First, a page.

If you’re interested in working your way up to a career as a sales representative for a business that sells to other businesses, starting as a sales coordinator will help you learn whether this line of work is right for you. While there’s no universally accepted definition of what a sales coordinator does, the term is usually used to describe an assistant who helps salespeople who solicit commercial accounts. Dipping your toe in the water as a coordinator before you take the plunge as a sales rep will get you the understanding and experience necessary to start a successful career.
Salespeople such as retail store personnel and telemarketers generally don’t need assistants, and the title sales coordinator is primarily used to describe a person who handles administrative and support duties for salespeople who sell to commercial clients. Before applying for a job as a sales coordinator, confirm whether or not you’ll have sales duties, or an opportunity to break into sales at some point, if that’s your goal.
Once a salesperson closes a contract, she’s eager to get working on the next prospect. With each contract she signs, her need to make sure she delivers what she promises increases, potentially taking her away from selling. Sales coordinators assist sales staff by managing the execution of contracts. For example, if a client purchases advertising in a magazine and gets a free banner ad on the website and a discount at the magazine’s annual trade show, a sales coordinator will make sure the designer includes the client’s ad in the correct issues, the tech department puts the client’s banner on the company website and the tradeshow department bills the client the discounted amount for its booth. Sales coordinators check contracts regularly to give reps heads up on expiring clients and to ensure all aspects of each contract are fulfilled on time, giving reps a calendar of expiring contracts each month or quarter. Sales coordinators often enter contract information into the client database and company billing system.
Collateral Materials Tracking
Sales coordinators ensure the sales staff does not run out of brochures, sales kits, price lists, contracts and other collateral materials they use to make pitches. A sales coordinator learns how much lead time she must give the production department to get materials printed, checks with the sales staff to see if they want materials updated before they’re printed again, and works with the design staff to proof all materials.
A sales coordinator makes sure all sales materials on the company’s website are up to date and accurate and that all banners and links sold to customers are working. They provide sales staff with traffic reports regarding client banners and links and keep company website traffic reports at the fingertips of sales reps who use them during sales calls. If the sales department relies on social media, a sales coordinator might make Facebook posts or send tweets written by the sales reps.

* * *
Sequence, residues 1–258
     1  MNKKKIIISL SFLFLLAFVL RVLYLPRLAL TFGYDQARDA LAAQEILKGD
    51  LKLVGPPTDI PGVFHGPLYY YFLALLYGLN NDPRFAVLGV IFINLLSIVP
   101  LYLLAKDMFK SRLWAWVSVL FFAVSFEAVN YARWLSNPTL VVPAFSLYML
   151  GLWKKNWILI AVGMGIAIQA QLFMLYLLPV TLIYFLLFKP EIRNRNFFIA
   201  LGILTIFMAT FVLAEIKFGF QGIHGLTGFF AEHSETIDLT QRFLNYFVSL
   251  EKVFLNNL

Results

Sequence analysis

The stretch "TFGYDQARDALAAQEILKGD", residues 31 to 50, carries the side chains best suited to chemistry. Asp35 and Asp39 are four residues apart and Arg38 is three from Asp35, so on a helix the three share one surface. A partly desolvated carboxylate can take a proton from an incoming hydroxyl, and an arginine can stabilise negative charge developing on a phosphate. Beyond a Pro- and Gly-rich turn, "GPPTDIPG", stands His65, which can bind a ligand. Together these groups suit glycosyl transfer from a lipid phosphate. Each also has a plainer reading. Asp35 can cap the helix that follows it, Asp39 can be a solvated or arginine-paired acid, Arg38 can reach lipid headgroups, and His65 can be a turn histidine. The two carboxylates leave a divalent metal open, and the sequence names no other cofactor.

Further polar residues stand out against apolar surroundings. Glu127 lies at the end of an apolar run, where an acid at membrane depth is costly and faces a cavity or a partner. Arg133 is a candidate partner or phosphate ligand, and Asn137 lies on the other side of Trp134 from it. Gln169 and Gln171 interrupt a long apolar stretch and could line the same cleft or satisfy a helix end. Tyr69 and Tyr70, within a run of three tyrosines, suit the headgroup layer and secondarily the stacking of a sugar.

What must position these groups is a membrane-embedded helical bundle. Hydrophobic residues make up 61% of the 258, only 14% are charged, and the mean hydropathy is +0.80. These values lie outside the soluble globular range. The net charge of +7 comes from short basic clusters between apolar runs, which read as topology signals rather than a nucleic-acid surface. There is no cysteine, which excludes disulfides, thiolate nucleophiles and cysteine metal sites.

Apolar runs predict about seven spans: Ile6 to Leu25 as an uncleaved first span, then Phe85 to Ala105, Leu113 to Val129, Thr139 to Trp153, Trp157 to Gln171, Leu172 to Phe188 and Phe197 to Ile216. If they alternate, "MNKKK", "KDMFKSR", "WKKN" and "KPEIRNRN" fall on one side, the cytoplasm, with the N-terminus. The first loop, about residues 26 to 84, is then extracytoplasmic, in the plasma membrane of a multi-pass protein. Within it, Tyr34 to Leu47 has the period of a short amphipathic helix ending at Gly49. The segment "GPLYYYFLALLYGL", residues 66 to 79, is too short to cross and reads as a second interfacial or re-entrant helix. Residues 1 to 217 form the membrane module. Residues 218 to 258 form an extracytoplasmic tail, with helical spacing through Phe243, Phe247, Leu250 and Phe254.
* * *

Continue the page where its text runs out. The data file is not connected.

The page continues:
In addition to contract management, sales coordinators keep in touch with clients to ensure they are happy with and using their purchase. Some clients, for example, might not take advantage of their free banner ad or link. For this reason, sales coordinators send reminders to make sure clients get maximal benefit from their purchase, making them more likely to re-sign when the contract ends. A coordinator might call a new client to ask if they’ve used the product and how it is working. If the customer has a simple problem, such as website link that isn’t working, the sales coordinator is the client’s contact.
Sales coordinators can get their feet wet selling by researching and prospecting potential clients for busy sales reps. This might include calling a client’s administrative assistant to ask a number of questions that will help a sales rep determine whether or not a businessperson would benefit from the company’s product or service. Sales reps use the golf analogy of “teeing up” a prospect before the rep makes contact, motivating sales coordinators by giving them a monetary bonus if a teed-up contact turns into a client.
A sales manager needs to know how her sales team is doing, but is often selling and doesn’t have time to keep collecting information from each rep. If a department shares a sales coordinator, the reps will turn all sales numbers into the coordinator, who compiles them into a report for a sales manager. A sales manager might require sales coordinators to update customer databases as mail comes back undeliverable, emails bounce back or phone numbers no longer work.
Marketing and Promotions
If the sales department is involved with any marketing activities, the coordinator is the one who handles the details. For example, when sales reps travel to trade shows, their coordinators ship and track their booths and sales materials. They will send pre- and post-show materials to current and potential clients, arrange the logistics of a company cocktail party, order T-shirts or other giveaways and check and inventory all materials that arrive back at headquarters after the show.
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